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Course 751 - Hearing Conservation Program Management

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Considerations of Use for Dosimeters

Factors to consider with the use of a dosimeter include:

  • The microphone must be placed in the employee's hearing zone. OSHA defines the hearing zone as a sphere with a two-foot diameter surrounding the head. Additional information (App III: B) on general sampling protocol is also available.
  • Select specific instrument settings for the dosimeter.

Settings

According to OSHA's noise standard 29 CFR 1910.95, the noise dosimeter is the primary instrument for making compliance measurements. The following dosimeter settings must be utilized:

  • Exchange rate: 5 decibels (dB)
  • Frequency weighting: A
  • Response: slow
  • Criterion level: 90 dBA
  • Threshold: 80 dBA or 90 dBA

A dosimeter with a threshold of 80 dBA as well as one with a threshold of 90 dBA should be used to measure noise exposures (most modern dosimeters utilize simultaneous 80 and 90 dBA threshold settings), as follows:

  • The 80 dBA threshold dosimeter is used to measure the noise dose of those employees identified during the walk-around whose exposure may exceed the 85 dBA time-weighted average (TWA) limit.
  • The 90 dBA threshold dosimeter is used to measure the noise dose of those employees identified during the walk-around whose exposure may exceed the 90 dBA permissible exposure level (PEL).

Note: Paragraphs 29 CFR 1910.95(a) and 29 CFR 1910.95(b) of OSHA's noise standard date back to the 1969 Walsh-Healey Act. This early standard predated noise dosimetry and OSHA had no instructions for taking noise measurements, and so the first dosimeters that were developed used 90 dBA both as the threshold and criterion levels. Paragraph 29 CFR 1910.95(c) of the 1983 Hearing Conservation Amendment to the Occupational Noise Exposure Standard requires employers to administer a continuing, effective hearing conservation program for all employees whose noise exposures equal or exceed an 8-hour time-weighted average (TWA8) of 85 dBA or, equivalently, a noise dose that is equal to 50 percent of the PEL. The standard requires that all continuous, intermittent, and impulsive sound levels from 80 dB to 130 dB be included in the measurement of dose.

Dosimeter Readout

The hypothetical exposure situations shown in the table below illustrate the relationship between criterion level, threshold, and exchange rate and show the importance of using a dosimeter with an 80 dBA threshold to characterize an employee's noise exposure. An instrument with a 90 dBA threshold will not capture any noise below that level, and will thus give a readout of 0 percent even if the employee being measured is actually being exposed to 89 dBA for eight hours (equivalent to 87 percent of the allowable noise dose over any eight hour period).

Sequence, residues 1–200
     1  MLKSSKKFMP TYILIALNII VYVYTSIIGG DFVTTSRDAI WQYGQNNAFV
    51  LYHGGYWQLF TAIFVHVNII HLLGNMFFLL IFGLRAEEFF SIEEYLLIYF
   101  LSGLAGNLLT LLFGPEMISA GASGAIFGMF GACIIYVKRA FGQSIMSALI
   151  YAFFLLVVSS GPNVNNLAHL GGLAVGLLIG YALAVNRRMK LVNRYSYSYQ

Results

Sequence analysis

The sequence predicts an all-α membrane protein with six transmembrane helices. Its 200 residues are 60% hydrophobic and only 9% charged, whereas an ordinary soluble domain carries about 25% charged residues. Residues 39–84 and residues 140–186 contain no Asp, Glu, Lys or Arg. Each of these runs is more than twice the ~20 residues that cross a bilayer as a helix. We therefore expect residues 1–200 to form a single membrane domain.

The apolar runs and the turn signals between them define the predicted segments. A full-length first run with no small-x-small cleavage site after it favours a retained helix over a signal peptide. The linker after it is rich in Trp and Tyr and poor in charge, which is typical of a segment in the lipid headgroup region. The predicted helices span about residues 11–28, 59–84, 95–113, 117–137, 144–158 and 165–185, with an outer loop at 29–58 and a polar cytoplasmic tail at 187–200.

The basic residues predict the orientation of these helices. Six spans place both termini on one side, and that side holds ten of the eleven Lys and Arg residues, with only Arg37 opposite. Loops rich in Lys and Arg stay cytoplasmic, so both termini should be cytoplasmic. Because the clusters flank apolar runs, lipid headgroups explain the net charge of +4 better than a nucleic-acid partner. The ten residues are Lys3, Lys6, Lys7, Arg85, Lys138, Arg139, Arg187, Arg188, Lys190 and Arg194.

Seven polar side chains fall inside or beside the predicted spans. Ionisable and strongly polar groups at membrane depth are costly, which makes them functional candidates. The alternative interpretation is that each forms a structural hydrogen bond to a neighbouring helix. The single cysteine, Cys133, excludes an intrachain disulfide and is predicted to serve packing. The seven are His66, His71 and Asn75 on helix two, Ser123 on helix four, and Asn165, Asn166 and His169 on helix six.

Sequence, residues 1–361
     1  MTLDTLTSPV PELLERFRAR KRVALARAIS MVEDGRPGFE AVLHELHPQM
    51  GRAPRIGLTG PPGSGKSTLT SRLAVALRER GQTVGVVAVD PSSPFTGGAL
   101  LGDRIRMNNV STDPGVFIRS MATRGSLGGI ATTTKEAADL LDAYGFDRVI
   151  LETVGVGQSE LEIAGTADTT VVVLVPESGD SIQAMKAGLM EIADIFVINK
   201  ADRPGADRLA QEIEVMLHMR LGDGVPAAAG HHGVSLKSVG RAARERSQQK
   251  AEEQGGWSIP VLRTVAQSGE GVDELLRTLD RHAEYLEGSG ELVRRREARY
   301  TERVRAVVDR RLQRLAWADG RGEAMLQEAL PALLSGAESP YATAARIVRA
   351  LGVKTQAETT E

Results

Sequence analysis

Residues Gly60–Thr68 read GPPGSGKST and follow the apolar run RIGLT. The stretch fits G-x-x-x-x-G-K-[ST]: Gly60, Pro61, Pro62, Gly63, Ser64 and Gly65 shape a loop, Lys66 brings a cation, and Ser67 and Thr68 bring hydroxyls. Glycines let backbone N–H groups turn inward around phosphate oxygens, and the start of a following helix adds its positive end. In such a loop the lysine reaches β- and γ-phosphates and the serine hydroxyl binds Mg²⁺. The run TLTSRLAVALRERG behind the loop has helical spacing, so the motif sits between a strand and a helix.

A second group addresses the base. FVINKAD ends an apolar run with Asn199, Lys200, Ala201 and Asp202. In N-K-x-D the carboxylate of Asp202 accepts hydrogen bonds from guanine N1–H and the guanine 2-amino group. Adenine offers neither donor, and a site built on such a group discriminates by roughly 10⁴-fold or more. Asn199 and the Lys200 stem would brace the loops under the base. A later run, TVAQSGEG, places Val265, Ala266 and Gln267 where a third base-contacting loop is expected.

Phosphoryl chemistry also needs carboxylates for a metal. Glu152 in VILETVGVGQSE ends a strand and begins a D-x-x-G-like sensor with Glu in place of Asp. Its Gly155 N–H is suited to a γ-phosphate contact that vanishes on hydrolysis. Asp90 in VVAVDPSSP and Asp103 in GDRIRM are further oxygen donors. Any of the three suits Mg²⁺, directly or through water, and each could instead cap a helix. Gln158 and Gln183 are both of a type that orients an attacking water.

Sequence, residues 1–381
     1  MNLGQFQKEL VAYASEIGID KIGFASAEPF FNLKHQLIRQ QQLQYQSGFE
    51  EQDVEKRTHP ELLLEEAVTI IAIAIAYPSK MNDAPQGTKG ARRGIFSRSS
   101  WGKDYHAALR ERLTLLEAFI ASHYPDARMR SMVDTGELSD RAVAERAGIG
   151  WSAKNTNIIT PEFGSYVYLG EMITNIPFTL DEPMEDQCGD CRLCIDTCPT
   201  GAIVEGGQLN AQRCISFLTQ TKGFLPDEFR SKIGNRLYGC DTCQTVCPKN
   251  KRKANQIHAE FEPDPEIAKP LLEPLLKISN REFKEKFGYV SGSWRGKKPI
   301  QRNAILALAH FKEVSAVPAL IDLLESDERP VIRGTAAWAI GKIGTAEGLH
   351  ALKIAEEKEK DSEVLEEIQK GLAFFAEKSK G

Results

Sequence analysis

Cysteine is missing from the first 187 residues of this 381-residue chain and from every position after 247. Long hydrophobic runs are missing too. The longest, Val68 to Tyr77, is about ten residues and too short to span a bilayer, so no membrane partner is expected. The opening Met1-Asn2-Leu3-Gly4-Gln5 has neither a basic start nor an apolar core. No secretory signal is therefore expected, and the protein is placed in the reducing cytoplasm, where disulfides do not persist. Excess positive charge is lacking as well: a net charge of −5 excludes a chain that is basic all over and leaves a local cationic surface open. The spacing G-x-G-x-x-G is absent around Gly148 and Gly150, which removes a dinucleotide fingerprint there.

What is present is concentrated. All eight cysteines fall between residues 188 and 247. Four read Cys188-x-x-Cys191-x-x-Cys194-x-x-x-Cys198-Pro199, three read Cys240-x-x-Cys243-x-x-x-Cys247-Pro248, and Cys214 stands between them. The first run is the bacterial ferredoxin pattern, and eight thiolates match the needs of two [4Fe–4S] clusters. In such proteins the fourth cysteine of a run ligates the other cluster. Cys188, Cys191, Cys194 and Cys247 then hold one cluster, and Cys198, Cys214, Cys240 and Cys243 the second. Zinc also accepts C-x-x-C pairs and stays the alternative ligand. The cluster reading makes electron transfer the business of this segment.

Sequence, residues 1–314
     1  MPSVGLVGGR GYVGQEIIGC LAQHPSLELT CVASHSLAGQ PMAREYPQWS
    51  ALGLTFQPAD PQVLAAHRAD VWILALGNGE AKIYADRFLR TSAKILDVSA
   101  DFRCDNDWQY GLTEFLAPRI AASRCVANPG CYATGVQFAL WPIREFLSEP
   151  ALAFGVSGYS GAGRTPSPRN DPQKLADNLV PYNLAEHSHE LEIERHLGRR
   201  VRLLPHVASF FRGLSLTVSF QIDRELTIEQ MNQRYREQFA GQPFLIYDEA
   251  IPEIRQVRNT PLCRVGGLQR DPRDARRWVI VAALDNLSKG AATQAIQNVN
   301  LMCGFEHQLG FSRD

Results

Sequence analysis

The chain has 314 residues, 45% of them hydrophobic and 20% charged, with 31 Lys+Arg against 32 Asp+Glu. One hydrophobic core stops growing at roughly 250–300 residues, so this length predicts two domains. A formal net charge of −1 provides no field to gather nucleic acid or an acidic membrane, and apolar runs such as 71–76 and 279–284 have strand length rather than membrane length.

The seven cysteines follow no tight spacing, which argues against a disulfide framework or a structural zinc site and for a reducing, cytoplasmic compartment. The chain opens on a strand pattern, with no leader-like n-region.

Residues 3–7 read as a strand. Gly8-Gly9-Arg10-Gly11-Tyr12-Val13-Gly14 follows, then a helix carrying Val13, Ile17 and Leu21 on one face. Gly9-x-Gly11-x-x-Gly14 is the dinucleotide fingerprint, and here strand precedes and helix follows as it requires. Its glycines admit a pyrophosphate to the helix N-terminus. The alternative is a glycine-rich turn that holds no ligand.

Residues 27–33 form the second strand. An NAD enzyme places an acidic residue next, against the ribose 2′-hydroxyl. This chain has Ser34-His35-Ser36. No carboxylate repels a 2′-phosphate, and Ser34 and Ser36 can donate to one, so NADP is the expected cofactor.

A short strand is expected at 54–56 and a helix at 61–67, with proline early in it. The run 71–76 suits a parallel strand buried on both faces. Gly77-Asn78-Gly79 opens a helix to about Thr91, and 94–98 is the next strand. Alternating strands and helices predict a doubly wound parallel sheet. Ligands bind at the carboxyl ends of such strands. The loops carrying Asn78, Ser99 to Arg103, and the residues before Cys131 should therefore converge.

Dosimeter Readout, in Percent of Measured Dose

Some dosimeters indicate when a 115 dBA (A-weighted decibel) sound level has been exceeded. Do not use this indication for compliance determination.

Using the Noise Dose Reading

The noise dose provided by dosimeters can be used to calculate both the continuous equivalent A-weighted sound level (LA) and the eight hour TWA for the time period sampled.

A weighted sound level calculation and 8 hour TWA Sound Calculation

Equation Two is used for enforcement purposes and Equation One can be used to assist in evaluating hearing protectors and engineering controls. Note: Most dosimeters perform the above calculation and automatically provide data for LA and TWA.

NOTE: In general, for enforcement purposes a 90-dBA threshold dosimeter is necessary to establish noncompliance with Table G-16 or Table D-2. However, in unusual situations, results obtained with an 80-dBA threshold dosimeter may be discussed with the ARA for Technical Support to determine whether they sufficiently demonstrate noncompliance with Table G-16 or Table D-2.

American National Standards Institute (ANSI) Standards

  • S1.25-1991, "Specifications for Personal Noise Dosimeters." Some older dosimeters only meet the 1978 version of this standard. The 1978 version was not intended for measuring noise that is predominantly impulsive. For noise that is impulsive in nature, a dosimeter meeting the 1991 version of the standard is recommended.
  • As a minimum, sampling should be conducted for a length of time necessary to establish whether exposures are above the limits permitted by Table G-16, Table G-16a, or Table D-2 (for general industry or construction workplaces, respectively). Instrument accuracy must be taken into account.
  • Consider the following with respect to the monitoring results:
    • TWA exposures at or above the action level of 85 dBA require a hearing conservation program [29 CFR 1910.95(c-n)] (results obtained from the 80 dBA threshold).
    • TWA exposures exceeding the PEL (Table G-16) require feasible engineering or administrative controls to be implemented [29 CFR 1910.95(b)] (results obtained from the 90 dBA threshold). Refer to the OSHA Field Operations Manual (FOM) for additional information.

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